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#71317 - 05/25/02 10:57 PM Bole
All right, this is just a show of hands question...
Before I ask, here is the story behind the question:
Tonight, my hubby and I went to some friends' house. We were looking for a parking spot on the street and we backed around a corner.
It is in an area that has just been rebuilt. The old tree-trunk telephone poles have not been replaced yet so they are smack dab in the street.
Well when we backed around the corner I saw a pole but my hubby didn't seem to have seen it. My automatic reaction was to urgently say "watch out for the bole"
Here is the question...
How many of you know that a tree trunk is a bole?
How many of you still use that word?
#71318 - 05/25/02 11:11 PM .
#71319 - 05/25/02 11:37 PM Re: Bole
Never heard the word before....and never use it.
#71320 - 05/25/02 11:47 PM Re: Bole
Unknown and unused -- until now. Thanks for bole, bel.
From the same root as bollix, phallus, and folly.
#71321 - 05/26/02 12:58 AM Re: Bole
Loc: Portland,Oregon, USA
I've always thought of the bole as being that part of the trunk that joins with the roots, but not the upper trunk. As soon as I can get my copy of Understanding Wood by Bruce Hoadley back from a friend who borrowed it, I can give you the definition therein.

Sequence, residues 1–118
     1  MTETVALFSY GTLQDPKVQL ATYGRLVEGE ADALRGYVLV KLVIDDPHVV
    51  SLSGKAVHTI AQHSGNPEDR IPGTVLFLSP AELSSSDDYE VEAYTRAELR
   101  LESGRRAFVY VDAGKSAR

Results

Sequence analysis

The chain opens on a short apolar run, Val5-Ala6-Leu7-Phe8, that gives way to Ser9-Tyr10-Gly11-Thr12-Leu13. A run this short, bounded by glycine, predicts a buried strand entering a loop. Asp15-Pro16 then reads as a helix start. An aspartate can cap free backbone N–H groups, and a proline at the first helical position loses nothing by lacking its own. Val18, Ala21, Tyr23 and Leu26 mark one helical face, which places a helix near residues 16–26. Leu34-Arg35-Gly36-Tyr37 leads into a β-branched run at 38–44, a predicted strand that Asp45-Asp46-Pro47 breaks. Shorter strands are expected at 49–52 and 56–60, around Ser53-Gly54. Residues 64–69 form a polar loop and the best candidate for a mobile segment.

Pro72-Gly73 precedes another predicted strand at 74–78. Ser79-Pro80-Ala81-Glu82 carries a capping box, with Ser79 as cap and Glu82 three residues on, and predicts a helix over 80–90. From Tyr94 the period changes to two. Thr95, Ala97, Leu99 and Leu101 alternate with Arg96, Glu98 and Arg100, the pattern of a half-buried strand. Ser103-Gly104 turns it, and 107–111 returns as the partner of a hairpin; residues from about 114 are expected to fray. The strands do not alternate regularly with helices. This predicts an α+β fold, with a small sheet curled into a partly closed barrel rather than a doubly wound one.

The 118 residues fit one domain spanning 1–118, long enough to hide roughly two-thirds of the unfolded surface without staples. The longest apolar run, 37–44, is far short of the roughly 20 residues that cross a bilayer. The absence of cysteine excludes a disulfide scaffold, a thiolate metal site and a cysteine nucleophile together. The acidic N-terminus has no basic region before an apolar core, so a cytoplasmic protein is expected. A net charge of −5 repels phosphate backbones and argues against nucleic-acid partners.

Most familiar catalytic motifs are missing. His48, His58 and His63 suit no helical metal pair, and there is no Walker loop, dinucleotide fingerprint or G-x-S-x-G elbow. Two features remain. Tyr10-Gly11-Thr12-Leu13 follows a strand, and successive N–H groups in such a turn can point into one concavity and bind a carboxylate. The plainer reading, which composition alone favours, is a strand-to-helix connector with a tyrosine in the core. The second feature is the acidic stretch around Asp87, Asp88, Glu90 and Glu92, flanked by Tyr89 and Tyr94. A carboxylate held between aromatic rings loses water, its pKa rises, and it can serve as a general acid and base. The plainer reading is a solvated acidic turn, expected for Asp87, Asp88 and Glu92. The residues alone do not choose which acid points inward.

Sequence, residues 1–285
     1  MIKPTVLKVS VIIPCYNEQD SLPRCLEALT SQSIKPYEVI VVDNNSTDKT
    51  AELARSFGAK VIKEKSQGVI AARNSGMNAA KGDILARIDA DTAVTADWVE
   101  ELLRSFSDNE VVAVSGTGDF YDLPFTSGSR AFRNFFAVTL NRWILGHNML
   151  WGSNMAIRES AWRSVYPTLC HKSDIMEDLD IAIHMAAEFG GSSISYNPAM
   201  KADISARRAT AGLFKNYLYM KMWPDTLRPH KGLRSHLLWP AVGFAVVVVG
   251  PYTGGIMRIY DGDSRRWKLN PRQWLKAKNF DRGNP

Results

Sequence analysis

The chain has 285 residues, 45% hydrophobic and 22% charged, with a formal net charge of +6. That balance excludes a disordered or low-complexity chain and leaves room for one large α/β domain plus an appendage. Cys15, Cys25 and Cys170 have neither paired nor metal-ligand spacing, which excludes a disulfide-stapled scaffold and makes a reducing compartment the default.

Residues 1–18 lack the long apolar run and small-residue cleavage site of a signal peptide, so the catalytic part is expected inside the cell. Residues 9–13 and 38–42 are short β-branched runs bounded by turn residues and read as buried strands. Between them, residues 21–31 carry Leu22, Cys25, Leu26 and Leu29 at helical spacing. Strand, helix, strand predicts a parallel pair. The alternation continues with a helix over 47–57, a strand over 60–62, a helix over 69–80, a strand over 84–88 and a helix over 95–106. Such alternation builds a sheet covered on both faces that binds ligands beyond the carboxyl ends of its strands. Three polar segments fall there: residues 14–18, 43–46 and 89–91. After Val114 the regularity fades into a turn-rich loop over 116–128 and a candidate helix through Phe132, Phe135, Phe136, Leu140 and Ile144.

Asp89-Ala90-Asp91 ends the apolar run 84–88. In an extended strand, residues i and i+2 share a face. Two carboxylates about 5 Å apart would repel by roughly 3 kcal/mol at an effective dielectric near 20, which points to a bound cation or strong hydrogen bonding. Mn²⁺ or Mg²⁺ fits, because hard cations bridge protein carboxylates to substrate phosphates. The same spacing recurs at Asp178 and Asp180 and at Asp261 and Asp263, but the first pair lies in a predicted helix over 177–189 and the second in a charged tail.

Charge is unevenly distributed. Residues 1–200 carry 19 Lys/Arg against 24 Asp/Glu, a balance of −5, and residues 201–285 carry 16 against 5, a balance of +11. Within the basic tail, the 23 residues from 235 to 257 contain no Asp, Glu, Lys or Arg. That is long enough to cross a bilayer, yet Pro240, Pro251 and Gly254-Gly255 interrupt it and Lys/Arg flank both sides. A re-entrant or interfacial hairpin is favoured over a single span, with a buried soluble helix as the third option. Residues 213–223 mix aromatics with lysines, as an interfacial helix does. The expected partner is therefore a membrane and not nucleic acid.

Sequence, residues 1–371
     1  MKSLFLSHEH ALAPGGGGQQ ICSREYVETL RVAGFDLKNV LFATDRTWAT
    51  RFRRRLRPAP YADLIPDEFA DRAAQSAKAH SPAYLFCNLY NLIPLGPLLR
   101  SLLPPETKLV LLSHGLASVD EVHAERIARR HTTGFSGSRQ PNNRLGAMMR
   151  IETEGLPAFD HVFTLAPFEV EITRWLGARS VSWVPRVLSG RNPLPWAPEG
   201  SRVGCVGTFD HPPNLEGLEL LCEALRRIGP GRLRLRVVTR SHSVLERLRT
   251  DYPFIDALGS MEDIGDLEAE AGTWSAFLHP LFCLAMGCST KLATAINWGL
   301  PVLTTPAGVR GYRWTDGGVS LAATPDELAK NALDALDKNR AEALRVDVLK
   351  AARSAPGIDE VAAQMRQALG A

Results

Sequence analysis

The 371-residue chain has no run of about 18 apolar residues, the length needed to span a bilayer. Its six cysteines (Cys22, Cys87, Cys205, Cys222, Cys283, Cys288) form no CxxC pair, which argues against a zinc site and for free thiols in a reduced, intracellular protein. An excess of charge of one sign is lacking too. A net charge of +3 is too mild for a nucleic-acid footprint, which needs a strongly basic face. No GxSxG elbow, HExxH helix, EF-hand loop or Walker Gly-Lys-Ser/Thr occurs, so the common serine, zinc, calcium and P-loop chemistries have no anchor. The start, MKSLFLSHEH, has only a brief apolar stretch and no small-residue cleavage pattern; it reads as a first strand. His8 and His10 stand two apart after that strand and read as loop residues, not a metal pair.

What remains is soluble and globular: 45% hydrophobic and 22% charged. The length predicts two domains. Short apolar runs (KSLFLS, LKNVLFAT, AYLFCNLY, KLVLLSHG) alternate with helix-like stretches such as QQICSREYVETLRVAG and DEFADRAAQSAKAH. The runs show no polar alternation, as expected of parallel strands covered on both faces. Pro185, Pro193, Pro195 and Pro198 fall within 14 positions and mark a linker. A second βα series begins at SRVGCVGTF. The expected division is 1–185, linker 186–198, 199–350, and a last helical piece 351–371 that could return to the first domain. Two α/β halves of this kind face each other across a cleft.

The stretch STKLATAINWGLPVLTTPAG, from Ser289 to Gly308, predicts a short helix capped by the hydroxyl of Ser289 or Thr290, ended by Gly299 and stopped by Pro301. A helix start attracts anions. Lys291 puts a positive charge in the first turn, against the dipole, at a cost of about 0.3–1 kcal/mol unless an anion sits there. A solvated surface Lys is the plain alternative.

#71322 - 05/26/02 06:34 AM Re: Bole
Loc: Piedmont Region of Virginia, U...
I'd use trunk.
Bole: Not to be confused with boll as in the boll weevil of the American South.
But you can poll a tree:
Main Entry: 2poll
Date: 14th century
1 a : to cut off or cut short the hair or wool of : CROP, SHEAR b : to cut off or cut short (as wool)
2 a : to cut off or back the top of (as a tree); specifically : POLLARD b : to cut off or cut short the horns of (cattle)
#71323 - 05/26/02 07:21 AM Re: Bole
My automatic reaction was to urgently say "watch out for the bole"
What a perfect example of the difficulties each of us word-nuts can suffer in [let us say] "interspousal communications".
#71324 - 05/26/02 09:56 AM Re: Bole
And I'm shedding great big tears of frustration. If any of you had looked at that Viking word site I posted yesterday, you would know that "bole" is of Scandinavian origin and does mean tree trunk.
It's set to the "C" words, scroll up to the "B" words
#71325 - 05/26/02 11:30 AM Re: Bole
Loc: Piedmont Region of Virginia, U...
I accessed your link. Here's what was there:
bole (n) Stem of a tree. Scan => ME bol, Ice bolr, bulr (the trunk of a tree), Swe bål, Dan bul.
Stem of tree? I never heard of a trunk being referred to as a stem...though later in the definition there's bulr (the trunk of a tree).
Bulr makes me think of burled oak, but I don't expect there's a connection...
Edit/Addendum: A little more on burls (as in burled oak):
Etymology: Middle English burle, from (assumed) Middle French bourle tuft of wool, from (assumed) Vulgar Latin burrula, diminutive of Late Latin burra shaggy cloth
Date: 15th century
1 : a knot or lump in thread or cloth
2 a : a hard woody often flattened hemispherical outgrowth on a tree b : veneer made from burls
#71326 - 05/26/02 12:01 PM wood nymph raises her hand
Have I heard of the word? Do wood nymphs dance in the woods?
Do I ever use the word? Sometimes.
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